It’s common that students exit college with multiple student loan debts, which can be problematic for some when it comes to repaying these college loans, however, there are those who turn to student loan consolidation plans as a way to better manage debt after college graduation. Consolidating student loan debt can be an option for many graduates through either a private or federal consolidation plan after they graduate, but depending upon one’s situation, many counselors often advise students to research consolidation or be careful how they go about consolidating their student loan debt, as some options are simply going to be better than others.
As an example, students who may have various federal student loan debts could qualify for a student loan consolidation plan within a federal loan program, which may bring about a lower interest rate and more repayment options than some private consolidation loans. Federal student loan consolidation plans have fixed interest rates and often come with numerous repayment plans which can be beneficial to students who either want to erase their debt quickly or who may have trouble repaying their student loan debt and need some form of assistance.
Yet, when a student has a mixture of private student loans and federal loans, private loans cannot be consolidated under a federal consolidation plan, which could mean that consolidation of any sort is not beneficial. In these cases, or in any case where a graduate feels consolidation is their best option, counselors often suggest that graduates simply look at the costs of repaying their debts separately versus the overall cost of a student loan consolidation plan to see which route may be more cost-efficient.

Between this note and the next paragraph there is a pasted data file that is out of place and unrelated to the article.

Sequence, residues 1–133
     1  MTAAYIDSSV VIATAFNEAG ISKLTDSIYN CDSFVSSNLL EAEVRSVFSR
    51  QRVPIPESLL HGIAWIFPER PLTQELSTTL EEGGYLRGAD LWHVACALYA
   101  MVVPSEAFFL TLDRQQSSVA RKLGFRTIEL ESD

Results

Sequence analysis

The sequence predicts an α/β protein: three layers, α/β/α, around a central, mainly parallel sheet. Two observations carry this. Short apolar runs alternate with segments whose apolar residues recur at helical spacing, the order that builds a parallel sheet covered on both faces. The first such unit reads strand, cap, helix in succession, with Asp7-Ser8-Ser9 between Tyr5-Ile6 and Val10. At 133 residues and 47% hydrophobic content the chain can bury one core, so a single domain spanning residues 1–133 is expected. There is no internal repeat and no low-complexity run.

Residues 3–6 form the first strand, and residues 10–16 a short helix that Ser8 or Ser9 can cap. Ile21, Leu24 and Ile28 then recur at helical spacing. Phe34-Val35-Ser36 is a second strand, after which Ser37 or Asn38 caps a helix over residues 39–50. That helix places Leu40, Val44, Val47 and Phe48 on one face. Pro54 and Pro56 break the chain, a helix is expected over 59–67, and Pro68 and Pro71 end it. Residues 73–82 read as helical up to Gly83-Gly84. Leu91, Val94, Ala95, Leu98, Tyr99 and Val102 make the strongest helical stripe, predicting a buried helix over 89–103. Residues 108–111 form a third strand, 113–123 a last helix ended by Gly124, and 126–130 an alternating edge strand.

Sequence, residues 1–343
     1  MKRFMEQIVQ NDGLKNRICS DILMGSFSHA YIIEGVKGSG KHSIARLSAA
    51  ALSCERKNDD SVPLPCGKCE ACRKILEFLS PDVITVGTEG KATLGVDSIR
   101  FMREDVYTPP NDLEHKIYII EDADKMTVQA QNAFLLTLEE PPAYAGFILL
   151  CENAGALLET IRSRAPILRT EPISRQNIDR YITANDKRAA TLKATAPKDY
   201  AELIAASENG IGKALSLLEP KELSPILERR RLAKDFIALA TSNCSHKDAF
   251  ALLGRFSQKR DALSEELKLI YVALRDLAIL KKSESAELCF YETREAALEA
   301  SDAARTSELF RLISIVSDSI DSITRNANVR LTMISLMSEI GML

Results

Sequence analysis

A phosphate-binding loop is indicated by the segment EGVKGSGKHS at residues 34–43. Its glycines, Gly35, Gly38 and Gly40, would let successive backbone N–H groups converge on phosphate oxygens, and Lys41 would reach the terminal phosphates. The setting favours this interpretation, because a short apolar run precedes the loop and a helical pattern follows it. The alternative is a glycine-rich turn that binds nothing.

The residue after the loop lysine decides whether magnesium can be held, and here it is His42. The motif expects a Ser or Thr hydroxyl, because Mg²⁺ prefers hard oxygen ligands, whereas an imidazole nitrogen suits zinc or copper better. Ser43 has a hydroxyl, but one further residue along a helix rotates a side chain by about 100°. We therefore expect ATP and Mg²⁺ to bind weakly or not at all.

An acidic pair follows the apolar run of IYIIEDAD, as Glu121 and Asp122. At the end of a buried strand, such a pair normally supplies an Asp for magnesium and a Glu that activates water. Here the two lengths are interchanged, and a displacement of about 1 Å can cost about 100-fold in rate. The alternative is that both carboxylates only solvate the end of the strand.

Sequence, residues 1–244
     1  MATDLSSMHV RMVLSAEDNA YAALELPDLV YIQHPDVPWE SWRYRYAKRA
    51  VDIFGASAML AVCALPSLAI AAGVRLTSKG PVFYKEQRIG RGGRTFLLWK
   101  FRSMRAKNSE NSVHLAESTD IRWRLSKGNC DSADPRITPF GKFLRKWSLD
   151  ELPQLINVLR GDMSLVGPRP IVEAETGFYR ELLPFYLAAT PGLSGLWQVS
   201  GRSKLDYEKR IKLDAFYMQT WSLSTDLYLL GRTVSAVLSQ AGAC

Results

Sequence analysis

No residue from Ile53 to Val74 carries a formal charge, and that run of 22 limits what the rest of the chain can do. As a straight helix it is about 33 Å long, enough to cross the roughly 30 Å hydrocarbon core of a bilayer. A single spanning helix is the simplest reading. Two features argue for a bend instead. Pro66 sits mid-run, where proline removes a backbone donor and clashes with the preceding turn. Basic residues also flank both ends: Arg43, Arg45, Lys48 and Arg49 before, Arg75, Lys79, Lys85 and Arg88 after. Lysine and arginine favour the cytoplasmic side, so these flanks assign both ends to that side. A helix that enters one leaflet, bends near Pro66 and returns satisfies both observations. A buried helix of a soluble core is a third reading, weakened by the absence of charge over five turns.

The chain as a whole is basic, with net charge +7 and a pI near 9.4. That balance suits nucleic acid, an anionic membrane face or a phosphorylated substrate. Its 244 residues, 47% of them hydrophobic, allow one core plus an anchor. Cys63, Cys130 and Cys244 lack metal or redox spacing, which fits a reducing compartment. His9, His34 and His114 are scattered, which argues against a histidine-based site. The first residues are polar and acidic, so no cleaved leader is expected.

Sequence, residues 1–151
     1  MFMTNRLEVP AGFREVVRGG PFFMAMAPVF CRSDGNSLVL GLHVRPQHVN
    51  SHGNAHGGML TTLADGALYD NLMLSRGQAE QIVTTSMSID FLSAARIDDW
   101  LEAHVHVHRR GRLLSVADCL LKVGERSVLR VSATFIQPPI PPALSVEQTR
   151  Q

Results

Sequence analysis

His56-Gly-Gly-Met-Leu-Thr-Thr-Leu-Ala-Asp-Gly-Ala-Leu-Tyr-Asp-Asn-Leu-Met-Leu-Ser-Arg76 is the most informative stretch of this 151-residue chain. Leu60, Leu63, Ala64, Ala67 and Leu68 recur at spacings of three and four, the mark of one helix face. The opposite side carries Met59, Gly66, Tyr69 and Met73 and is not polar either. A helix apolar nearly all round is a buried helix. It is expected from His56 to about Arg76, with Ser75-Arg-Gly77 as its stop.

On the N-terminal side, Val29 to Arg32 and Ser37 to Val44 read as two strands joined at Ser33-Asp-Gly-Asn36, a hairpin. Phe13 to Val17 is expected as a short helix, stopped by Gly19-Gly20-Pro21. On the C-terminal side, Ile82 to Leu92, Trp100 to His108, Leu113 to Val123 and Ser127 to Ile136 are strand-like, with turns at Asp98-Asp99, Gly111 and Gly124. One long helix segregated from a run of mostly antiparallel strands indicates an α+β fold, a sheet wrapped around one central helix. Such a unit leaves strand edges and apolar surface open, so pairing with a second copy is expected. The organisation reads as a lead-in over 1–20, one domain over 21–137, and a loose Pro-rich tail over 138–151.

Understandably, some students may be unable to meet minimum requirements on multiple student loans, and as a result turned to student loan debt consolidation, but this is not always the case for every graduate and it could benefit a college student to weigh their options when it comes to erasing their student loan debt. While some students have used a consolidation loan and have simply made more than the minimum monthly payment, thus erasing the debt faster, there are, again, financial constraints which many may face that prevents them from repaying their debt sources one loan at a time.
Obviously, graduates want to avoid missing payments on student loan obligations, as this could hurt their credit score, but avoiding higher repayment costs through consolidation is also beneficial and require proper research on the part of a graduate because the student loan debt situation from one student to another will differ and, obviously, offer various repayment options that may be in their best interest.